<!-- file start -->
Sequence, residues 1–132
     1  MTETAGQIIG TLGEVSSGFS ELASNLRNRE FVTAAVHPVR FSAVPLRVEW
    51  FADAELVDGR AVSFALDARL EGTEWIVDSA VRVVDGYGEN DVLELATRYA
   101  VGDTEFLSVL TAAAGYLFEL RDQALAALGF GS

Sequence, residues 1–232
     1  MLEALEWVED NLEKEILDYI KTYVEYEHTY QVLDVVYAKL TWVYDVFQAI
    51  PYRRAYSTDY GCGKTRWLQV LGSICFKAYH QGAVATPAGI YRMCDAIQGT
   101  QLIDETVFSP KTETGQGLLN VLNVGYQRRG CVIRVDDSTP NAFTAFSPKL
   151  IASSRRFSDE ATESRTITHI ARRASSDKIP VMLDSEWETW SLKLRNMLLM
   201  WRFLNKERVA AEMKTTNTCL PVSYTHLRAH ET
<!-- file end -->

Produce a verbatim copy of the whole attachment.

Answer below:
Sequence, residues 1–132
     1  MTETAGQIIG TLGEVSSGFS ELASNLRNRE FVTAAVHPVR FSAVPLRVEW
    51  FADAELVDGR AVSFALDARL EGTEWIVDSA VRVVDGYGEN DVLELATRYA
   101  VGDTEFLSVL TAAAGYLFEL RDQALAALGF GS

Sequence, residues 1–232
     1  MLEALEWVED NLEKEILDYI KTYVEYEHTY QVLDVVYAKL TWVYDVFQAI
    51  PYRRAYSTDY GCGKTRWLQV LGSICFKAYH QGAVATPAGI YRMCDAIQGT
   101  QLIDETVFSP KTETGQGLLN VLNVGYQRRG CVIRVDDSTP NAFTAFSPKL
   151  IASSRRFSDE ATESRTITHI ARRASSDKIP VMLDSEWETW SLKLRNMLLM
   201  WRFLNKERVA AEMKTTNTCL PVSYTHLRAH ET